UpSet Plot using GTL

2

An UpSet plot is used to visualize intersections of sets. In this post, we will illustrate techniques to create this plot using the Graph Template Language (GTL). We assume that you are familiar with GTL.

From the point of view of construction, we leverage the LATTICE layout available in GTL using which can create a panel of graphs. We break down the layout into the following pieces:

  1. The main barchart at the top that represents the intersection sizes.
  2. The horizontal barchart at the bottom that represents the univariate sizes.
  3. The bottom matrix that represents the composition of intersection.

About the data: We have used imaginary data for all of the respective pieces described above and then combined them to create a final dataset that can be used for plotting purpose. This includes:

  • Summarized data for both barcharts described in the first and second pieces above.
  • For the third piece, we need to set up the data to plot the matrix layout. In order to do this, we need the data about the composition of intersection. Each observation in this dataset represents whether a covariate or category is present in a certain set. Assuming the nature of data for covariates to be of binary type, we can assign the values ‘1’ and ‘0’ that are mapped to their respective levels, for example, 'Present' and 'Absent'. Subsequently, we process this dataset further to add dummy group variables to control display of the connect lines.

Let us now look at the template code for the plot.

As a first step, we will define a discrete attribute map that can be used to control the visual attributes of the graph. In this map, we specify the attributes for marker colors, line thickness and fill color on the VALUE statement within the DiscreteAttrMap block. The DiscreteAttrVar statements are used to associate the attribute map with appropriate dataset variables. Once the map is defined, this can be consumed by one or more plots within the template. Below is the block of code for the discrete attribute map.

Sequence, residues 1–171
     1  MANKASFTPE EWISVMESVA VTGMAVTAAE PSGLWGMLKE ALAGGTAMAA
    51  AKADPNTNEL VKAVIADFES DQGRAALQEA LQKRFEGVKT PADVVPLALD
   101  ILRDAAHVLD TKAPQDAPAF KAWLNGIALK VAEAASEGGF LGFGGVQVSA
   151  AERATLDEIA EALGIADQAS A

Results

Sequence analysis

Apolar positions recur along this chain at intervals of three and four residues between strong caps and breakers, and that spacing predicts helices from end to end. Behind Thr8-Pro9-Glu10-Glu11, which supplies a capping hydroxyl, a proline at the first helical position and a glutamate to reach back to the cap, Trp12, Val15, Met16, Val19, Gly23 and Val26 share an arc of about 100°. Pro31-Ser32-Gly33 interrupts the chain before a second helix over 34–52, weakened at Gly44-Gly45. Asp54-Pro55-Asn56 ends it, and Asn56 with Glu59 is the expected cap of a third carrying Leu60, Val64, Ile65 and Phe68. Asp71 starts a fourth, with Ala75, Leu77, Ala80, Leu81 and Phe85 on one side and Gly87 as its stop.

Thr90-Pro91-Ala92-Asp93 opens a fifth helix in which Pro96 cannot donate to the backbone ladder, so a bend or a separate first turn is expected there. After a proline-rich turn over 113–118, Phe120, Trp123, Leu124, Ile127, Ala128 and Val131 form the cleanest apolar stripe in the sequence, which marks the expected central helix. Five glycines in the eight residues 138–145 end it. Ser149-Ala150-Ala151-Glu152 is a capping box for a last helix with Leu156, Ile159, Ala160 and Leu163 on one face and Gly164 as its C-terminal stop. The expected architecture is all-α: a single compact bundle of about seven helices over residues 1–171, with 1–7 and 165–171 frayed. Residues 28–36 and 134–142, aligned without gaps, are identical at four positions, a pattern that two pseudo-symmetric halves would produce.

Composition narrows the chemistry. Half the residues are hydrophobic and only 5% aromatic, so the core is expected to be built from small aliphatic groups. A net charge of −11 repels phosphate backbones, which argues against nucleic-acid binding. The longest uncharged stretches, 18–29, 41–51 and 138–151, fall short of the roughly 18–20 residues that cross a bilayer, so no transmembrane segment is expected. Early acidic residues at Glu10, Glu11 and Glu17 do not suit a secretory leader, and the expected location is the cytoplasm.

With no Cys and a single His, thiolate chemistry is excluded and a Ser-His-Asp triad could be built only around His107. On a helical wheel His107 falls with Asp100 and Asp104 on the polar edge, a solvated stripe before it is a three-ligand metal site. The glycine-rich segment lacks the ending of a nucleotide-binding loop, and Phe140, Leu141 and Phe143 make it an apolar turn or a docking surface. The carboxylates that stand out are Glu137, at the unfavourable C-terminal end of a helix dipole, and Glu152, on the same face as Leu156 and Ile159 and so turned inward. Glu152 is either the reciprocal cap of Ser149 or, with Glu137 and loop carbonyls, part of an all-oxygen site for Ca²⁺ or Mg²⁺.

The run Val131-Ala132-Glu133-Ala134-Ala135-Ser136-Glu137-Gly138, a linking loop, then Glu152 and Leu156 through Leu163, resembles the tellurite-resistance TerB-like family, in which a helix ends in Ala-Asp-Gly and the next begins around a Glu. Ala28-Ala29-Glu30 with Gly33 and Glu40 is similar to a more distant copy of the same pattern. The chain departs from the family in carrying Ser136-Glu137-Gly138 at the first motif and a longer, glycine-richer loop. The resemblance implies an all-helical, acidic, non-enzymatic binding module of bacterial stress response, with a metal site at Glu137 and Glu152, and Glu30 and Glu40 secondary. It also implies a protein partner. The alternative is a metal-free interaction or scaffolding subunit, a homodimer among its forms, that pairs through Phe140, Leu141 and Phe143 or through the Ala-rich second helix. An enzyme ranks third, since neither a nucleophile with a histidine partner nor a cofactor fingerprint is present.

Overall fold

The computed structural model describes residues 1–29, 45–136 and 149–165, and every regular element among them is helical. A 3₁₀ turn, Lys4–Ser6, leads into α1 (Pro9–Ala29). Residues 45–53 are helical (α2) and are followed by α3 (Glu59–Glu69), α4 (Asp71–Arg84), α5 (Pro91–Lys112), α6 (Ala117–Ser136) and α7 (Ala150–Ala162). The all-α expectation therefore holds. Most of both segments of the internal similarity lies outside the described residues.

DiscreteAttrVar attrvar=MYID_VALUE var=VALUE attrmap="__ATTRMAP__MYID";
DiscreteAttrVar attrvar=MYID_JOIN var=JOIN attrmap="__ATTRMAP__MYID";
DiscreteAttrVar attrvar=MYID_GROUP var=GROUP attrmap="__ATTRMAP__MYID";
 
DiscreteAttrMap name="__ATTRMAP__MYID" /;
  Value "0" / markerattrs=( color=CXD3D3D3) lineattrs=( thickness=0);
  Value "1" / markerattrs=( color=CX000000) lineattrs=( thickness=2);
  Value "Treatment" / fillattrs=( color=BIBG) ;
  Value "Placebo" / fillattrs=( color=BIGB) ;
EndDiscreteAttrMap;

We then define a 2x2 panel of graphs within the LATTICE layout. Keeping the first cell empty cell, we use the second cell to plot the vertical bar chart. We can use appropriate options in the nested OVERLAY layout statement to control the display for the border, wall and axes of the chart. In addition to the layout and axis options, the GROUP option in barchart is used to create the stacked bars for different groups. We use the appropriate discrete attribute variable for the GROUP option that we defined earlier.

layout lattice / rows=2 columns=2 rowweights=(0.7 0.3) columnweights=(0.2 0.8);
cell;
layout overlay / border=false walldisplay=none xaxisopts=(display=none) yaxisopts=(label="Intersection Size");
  barchart X='xlabel1'n Y='count1'n / display=(fill) barlabel=true
    Group=MYID_GROUP name="BAR1" groupdisplay=stack includemissinggroup=False;
  discretelegend "BAR1" / border=False location=inside autoalign=(topright);
endlayout;
endcell;

The next cell block can be used to plot the horizontal barchart with suitable options.

cell;
layout overlay / border=false walldisplay=none xaxisopts=(reverse=True label="Total") y2axisopts=(display=none);
  barchart X='xlabel2'n Y='count2'n / display=(fill) displaybaseline=off fillattrs=(color=orange)
  name="BAR2" orient=horizontal yaxis=y2;
endlayout;
endcell;

The final cell in the LATTICE layout is used to create the matrix panel. A scatter plot is used to plot the dots representing the covariates. The markers of the scatter plot are color coded by the cardinality of the covariate. The connect lines are created by overlaying a series plot on the scatter plot. The discrete attribute variable created earlier is consumed by the GROUP option in both the plots to get the desired visual attributes.

cell;
layout overlay / border=false walldisplay=none 
    yaxisopts=(display=(tickvalues) discreteopts=(colorbands=odd colorbandsattrs=(color=lightgray transparency=0.6))) 
    xaxisopts=(display=none );
  scatterplot X='xlabel3'n Y='ylabel3'n / subpixel=off primary=true 
    group=MYID_VALUE Markerattrs=( symbol=circlefilled size=12) 
    legendLabel="ylabel3" 
    name="SCATTER";
  seriesplot X='xlabel3'n Y='ylabel3'n / group=MYID_JOIN 
    lineattrs=( Color=CX000000) legendLabel="ylabel3" 
    name="SERIES";
endlayout;
endcell;

You can check out the complete code here.

Tags
Share

About Author

Debpriya Sarkar

Senior Software Specialist

Debpriya Sarkar has been a SAS user for more than 14 years. He works in the area of ODS Graphics and is interested in data visualization and statistics.

Related Posts

2 Comments

    • Debpriya Sarkar
      Debpriya Sarkar on

      Cell blocks make it easier to see the cell boundary in the code. It may add some length to the code but it may also help to keep it organized. Besides, users can also add cellheaders if needed (although I don’t have any in the example).

Leave A Reply

Back to Top